But I also like to focus on not data as just a means of production or transfer but the data itself. And I think that's, to me, I see data governance as a large part of digital trade when it comes to the cross-border data flows in terms of privacy data protection and things like that. That's all I had to add to that.
>> MODERATOR: Thank you. Moving on to the second section ‑‑ we have another. Okay. Thank you.
>> My name is Wasette from Nigeria. I wanted to follow up on the last discussion and to ask specifically where do we locate trade on the web site dormant. And the trade in hosting?
I am in a country where power, the infrastructure doesn't allow people and organizations to locally host this own web site nationally. And therefore, they are hosting in Canada and so forth. And that's for me is a huge (?) So I want to know where you locate this in terms of the discussion around digital trade. Thank you.
>> That's a very good question. I can give an answer and try and give an answer very honestly. It's because we lack the infrastructure normally. Not only on power and not just political power. And that's why this element of sovereignty is so important. We don't normally have national space. We don't normally host our own web sites. So everybody else taking that information has the power to use it without us in the national level either private sector or public sector. So get better on critical infrastructure for assuring the fundamental services, electricity, water. And then going to the backbone of the internet that is critical infrastructure such as our own IXPs and the capacity of storing data in our own countries. Both for more expensive and less quality internet and for someone holding our data for us. I would say that.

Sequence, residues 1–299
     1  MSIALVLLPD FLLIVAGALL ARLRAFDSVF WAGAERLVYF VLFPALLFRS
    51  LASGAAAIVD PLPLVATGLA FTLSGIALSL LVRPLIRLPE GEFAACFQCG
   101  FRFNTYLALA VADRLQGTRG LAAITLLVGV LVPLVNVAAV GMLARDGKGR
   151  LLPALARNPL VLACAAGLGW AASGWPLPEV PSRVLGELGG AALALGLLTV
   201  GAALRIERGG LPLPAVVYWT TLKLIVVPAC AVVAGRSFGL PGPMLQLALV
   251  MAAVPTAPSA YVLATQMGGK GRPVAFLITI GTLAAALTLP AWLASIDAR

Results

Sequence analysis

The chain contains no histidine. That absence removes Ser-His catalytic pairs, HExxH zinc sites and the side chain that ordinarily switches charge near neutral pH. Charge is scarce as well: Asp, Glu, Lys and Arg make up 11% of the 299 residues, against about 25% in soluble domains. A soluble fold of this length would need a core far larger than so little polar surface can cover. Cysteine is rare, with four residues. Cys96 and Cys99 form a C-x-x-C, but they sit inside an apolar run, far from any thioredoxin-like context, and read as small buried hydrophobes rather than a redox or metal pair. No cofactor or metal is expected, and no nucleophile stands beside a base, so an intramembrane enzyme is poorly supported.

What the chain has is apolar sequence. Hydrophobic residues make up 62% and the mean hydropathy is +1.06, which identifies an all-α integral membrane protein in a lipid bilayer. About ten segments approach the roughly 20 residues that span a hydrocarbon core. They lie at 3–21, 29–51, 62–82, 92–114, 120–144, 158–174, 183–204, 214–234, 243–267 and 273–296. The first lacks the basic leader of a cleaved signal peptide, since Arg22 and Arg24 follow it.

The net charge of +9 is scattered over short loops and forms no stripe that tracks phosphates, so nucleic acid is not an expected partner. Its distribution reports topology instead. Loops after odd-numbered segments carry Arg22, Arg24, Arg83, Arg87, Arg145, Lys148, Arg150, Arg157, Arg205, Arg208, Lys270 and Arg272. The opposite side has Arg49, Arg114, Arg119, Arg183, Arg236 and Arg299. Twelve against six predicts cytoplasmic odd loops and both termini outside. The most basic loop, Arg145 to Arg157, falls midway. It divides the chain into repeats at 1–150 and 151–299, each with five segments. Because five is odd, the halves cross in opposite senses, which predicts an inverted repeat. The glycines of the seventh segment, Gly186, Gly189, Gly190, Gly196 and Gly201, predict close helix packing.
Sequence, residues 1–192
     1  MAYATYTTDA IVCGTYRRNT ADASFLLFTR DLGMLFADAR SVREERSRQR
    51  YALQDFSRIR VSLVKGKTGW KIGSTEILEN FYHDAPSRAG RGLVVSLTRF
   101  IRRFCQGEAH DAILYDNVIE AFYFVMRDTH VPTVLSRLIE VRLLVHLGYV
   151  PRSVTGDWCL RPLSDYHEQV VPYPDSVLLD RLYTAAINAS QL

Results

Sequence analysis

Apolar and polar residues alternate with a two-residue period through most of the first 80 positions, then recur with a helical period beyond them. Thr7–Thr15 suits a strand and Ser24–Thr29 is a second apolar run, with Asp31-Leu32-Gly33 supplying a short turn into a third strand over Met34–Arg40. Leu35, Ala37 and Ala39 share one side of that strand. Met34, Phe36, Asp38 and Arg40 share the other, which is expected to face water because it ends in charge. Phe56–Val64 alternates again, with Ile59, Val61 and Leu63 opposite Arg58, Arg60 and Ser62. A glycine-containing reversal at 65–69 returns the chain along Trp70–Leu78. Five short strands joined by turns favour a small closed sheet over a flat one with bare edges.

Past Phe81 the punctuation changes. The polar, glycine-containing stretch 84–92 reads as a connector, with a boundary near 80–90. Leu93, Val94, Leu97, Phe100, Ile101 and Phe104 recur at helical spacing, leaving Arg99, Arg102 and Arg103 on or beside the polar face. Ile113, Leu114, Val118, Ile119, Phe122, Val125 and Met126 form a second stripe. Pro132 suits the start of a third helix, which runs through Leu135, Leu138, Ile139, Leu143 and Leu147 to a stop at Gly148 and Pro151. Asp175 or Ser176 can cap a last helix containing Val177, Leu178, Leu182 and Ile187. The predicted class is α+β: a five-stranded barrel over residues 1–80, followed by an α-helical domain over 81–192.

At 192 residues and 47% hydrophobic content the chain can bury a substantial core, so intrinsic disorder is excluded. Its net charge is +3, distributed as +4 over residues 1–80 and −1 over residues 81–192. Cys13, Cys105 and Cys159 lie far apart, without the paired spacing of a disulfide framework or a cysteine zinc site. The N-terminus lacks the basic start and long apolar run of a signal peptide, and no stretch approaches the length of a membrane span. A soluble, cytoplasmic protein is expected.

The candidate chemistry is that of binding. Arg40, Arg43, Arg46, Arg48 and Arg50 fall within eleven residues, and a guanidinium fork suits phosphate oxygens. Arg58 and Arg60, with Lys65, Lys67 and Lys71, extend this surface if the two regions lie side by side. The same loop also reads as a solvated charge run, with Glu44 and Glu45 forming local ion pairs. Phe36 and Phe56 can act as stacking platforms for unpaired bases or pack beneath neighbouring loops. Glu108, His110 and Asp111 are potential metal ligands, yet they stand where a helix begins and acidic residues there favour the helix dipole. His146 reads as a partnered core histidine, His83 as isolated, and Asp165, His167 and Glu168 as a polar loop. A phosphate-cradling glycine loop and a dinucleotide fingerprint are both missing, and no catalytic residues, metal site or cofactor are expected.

>> MODERATOR: Thank you very much. Any further questions?
Okay. Moving on. Our second part of the session will be a discussion on the impact. So we're calling this unpacking the impact. The idea will be to have a discussion on those many digital trade topics where having real impacts on the internet today. For the sake of mentioning them, on the framing of this session, we were thinking about trade agreements and data privacy decisions. And tax firms where they raise tax revenue and splay chains create conflict. And that will be some of the examples. The leads for this section will be Miguel and Guillermo.
>> Thank you. I guess, first of all, thank you for inviting us. It's a global digital rights NGO where we defend the human rights in technology and we focus on that risk, we underscore that. That's the main mission and the focus we try to take. Only follow my understanding of digital trade issues from a very superficial perspective because of reasons we're going to unpack later on today as we move into the multi Stakeholder discussion as well. But just coming back to the question and here's the reason why I asked it before. The question why I asked what is digital trade is like because what Thomas just said, we are talking about data governance and what happens to personal data around the world in the context of how do we set international rules for products and services that move around the world. And large part around the world. That is just the wrong framing. We cannot treat data is the new oil. Data is like avocados. What's the metaphor?